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Here Are Five Reasons Why the Stock Market May Be Nearing Its End After a Painful Pullback

April 19, 2024
minute read

The performance of U.S. stocks is currently far from favorable. Despite starting with gains, ending the day in negative territory sends concerning signals about the overall health of the market. This downward trend persisted for the fourth consecutive session on Thursday, marking the longest series of reversals in six years and casting doubt on the sustainability of the recent market rally.

The response to Israel's retaliatory drone strike on Iran further dampened market sentiment, with early indications suggesting that the S&P 500 would begin trading in negative territory. The prevailing mood among traders is undeniably pessimistic. Since reaching its record closing high of 5,254.35 on March 28, the S&P 500 has witnessed a 4.63% decline, while the Nasdaq Composite, heavily weighted towards technology stocks, has experienced a 5.11% drop over the past five sessions alone, representing its most significant five-day percentage decline since December 2022.

To restore optimism among traders, a dose of bullish sentiment is sorely needed. Tom Lee, Fundstrat's head of research, has often been a beacon of optimism, having accurately predicted the market's surge to record highs earlier in the year. Lee acknowledges the recent somber tone in the market, attributing it to concerns over stubbornly high U.S. inflation, which have driven Treasury yields to five-month highs.

However, Lee identifies five reasons suggesting that investor deleveraging may be nearing its end. Firstly, he notes that the VIX index, a measure of expected market volatility, has remained relatively subdued, indicating that anxiety levels are not escalating rapidly. Secondly, the VIX futures structure, which had previously inverted amid market declines, is now correcting itself, suggesting reduced probabilities of major near-term volatility events.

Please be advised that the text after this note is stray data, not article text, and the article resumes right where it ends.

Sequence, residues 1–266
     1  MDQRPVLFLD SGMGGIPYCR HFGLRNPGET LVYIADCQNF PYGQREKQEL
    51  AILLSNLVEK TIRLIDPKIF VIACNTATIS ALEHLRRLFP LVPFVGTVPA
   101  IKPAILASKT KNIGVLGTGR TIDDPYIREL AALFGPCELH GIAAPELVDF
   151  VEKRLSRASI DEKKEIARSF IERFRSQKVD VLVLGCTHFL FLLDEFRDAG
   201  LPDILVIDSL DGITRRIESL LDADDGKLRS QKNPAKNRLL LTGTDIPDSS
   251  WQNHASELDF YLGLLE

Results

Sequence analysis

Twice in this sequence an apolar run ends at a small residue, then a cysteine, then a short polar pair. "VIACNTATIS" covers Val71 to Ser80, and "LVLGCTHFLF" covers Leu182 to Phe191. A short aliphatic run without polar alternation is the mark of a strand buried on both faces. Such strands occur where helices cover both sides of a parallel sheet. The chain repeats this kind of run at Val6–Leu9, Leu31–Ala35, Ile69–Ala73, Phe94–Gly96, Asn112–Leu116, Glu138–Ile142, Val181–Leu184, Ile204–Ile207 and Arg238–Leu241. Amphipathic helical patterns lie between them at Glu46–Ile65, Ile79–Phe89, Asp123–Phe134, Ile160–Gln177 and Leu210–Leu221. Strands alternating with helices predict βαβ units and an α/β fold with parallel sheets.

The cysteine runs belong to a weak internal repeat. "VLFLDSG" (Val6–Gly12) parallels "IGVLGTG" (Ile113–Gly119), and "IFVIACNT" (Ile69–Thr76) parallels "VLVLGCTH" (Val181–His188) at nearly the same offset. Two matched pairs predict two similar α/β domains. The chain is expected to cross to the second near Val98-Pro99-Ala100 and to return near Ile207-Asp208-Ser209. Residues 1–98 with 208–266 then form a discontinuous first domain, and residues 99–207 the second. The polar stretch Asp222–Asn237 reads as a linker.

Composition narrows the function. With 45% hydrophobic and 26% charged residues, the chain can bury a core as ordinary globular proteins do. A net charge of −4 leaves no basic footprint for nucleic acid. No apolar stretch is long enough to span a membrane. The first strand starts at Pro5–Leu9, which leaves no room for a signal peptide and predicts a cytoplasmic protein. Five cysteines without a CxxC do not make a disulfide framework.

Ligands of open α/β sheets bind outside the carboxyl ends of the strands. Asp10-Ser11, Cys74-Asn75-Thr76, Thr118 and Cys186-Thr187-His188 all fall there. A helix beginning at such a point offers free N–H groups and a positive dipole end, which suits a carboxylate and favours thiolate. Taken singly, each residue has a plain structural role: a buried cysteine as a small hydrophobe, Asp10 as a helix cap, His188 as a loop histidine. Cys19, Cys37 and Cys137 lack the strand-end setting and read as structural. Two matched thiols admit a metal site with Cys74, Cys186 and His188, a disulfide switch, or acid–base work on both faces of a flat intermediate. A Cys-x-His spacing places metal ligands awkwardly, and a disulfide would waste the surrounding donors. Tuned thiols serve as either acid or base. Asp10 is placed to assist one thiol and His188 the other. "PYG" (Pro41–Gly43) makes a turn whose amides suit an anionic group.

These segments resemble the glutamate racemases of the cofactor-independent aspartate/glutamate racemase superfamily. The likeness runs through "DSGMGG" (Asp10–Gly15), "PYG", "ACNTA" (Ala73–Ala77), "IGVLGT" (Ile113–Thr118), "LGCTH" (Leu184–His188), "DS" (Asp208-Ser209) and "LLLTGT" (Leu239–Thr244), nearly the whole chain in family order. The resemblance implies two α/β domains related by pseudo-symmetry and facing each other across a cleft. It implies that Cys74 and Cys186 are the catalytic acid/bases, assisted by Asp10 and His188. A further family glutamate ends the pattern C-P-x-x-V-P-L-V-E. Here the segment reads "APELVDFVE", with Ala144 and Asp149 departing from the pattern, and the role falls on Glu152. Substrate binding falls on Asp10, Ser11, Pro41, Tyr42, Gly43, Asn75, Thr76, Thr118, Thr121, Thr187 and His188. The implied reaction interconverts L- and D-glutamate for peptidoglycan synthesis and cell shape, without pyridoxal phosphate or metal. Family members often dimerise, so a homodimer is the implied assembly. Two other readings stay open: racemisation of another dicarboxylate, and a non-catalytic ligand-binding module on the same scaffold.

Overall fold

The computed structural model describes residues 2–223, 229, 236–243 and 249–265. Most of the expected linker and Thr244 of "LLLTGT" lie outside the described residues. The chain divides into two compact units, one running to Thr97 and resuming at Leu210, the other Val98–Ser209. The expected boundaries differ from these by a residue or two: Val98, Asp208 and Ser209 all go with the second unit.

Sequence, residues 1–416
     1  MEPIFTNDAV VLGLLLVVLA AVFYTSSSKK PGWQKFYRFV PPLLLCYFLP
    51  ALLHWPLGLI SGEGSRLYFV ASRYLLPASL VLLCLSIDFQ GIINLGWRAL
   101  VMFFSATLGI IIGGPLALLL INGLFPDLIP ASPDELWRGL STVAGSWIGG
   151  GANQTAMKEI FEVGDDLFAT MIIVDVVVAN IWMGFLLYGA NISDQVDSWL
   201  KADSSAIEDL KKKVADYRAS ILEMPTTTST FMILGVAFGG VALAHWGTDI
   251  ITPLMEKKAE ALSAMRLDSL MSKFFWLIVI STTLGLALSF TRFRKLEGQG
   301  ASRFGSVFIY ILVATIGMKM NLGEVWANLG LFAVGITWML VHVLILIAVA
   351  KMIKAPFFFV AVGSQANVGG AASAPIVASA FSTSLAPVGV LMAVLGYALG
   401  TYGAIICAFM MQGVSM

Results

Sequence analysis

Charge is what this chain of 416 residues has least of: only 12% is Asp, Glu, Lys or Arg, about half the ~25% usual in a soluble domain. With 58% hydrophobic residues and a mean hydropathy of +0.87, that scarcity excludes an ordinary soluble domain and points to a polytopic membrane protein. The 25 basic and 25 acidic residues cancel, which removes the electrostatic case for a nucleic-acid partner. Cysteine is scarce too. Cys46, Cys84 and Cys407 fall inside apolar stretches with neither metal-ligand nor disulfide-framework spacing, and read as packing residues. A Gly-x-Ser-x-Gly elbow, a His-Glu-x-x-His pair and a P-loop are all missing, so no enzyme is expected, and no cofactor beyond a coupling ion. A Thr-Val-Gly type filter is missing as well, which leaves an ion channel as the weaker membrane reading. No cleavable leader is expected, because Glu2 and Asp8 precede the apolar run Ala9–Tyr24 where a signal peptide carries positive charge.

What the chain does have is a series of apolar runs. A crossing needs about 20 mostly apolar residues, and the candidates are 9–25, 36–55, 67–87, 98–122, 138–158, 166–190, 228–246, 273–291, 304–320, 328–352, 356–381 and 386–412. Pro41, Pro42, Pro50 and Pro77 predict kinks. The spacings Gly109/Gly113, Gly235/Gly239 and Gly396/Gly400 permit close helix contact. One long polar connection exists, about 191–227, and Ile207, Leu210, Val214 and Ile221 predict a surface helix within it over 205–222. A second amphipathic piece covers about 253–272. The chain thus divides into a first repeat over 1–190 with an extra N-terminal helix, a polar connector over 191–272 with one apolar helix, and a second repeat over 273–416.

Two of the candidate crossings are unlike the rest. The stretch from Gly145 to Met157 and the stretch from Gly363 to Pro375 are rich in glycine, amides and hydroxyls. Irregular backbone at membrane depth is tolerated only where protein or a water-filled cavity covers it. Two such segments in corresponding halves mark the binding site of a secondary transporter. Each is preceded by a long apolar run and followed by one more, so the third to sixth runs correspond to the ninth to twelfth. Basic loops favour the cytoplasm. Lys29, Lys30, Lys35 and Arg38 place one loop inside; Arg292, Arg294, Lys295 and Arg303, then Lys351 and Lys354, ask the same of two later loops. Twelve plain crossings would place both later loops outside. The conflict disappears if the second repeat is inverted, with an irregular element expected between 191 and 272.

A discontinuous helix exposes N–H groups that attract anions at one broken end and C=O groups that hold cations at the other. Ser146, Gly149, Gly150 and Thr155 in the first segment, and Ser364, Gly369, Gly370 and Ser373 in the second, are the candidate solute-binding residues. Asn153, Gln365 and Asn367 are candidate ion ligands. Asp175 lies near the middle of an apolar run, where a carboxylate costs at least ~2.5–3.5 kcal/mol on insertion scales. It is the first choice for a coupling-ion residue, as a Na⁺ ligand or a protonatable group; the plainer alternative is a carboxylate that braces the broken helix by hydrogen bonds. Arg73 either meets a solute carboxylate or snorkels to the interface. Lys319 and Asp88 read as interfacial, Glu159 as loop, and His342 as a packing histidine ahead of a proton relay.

Thirdly, Lee observes that the recent accelerated declines in the S&P 500 over a five-day period often precede a rebound. Historical data shows that such declines have frequently signaled immediate buying opportunities. Additionally, the elevated U.S. equity put-to-call ratio, indicating a preference for protective put options over call options, has historically coincided with market bottoms.

Lastly, Lee cites technical analysis indicators, such as the McClellan Oscillator, which suggest that market lows may be imminent. While acknowledging the potential risks posed by escalating tensions between Israel and Iran, Lee remains bullish on the fundamental outlook for stocks in 2024, citing robust earnings and substantial cash reserves available for investment.

Despite initial risk-off reactions to Israel's actions, market movements have since stabilized, with flows into safe-haven assets such as the Swiss franc, U.S. government bonds, and gold subsiding. U.S. stock-index futures have retreated from session lows, while benchmark Treasury yields have seen modest declines. The dollar index has softened slightly, while oil prices have risen, and gold continues to trade around $2,390 per ounce.

Editorial Board
Eric Ng
John Liu
Editorial Board
Bryan Curtis
Adan Harris
Managing Editor
Cathy Hills
Associate Editor

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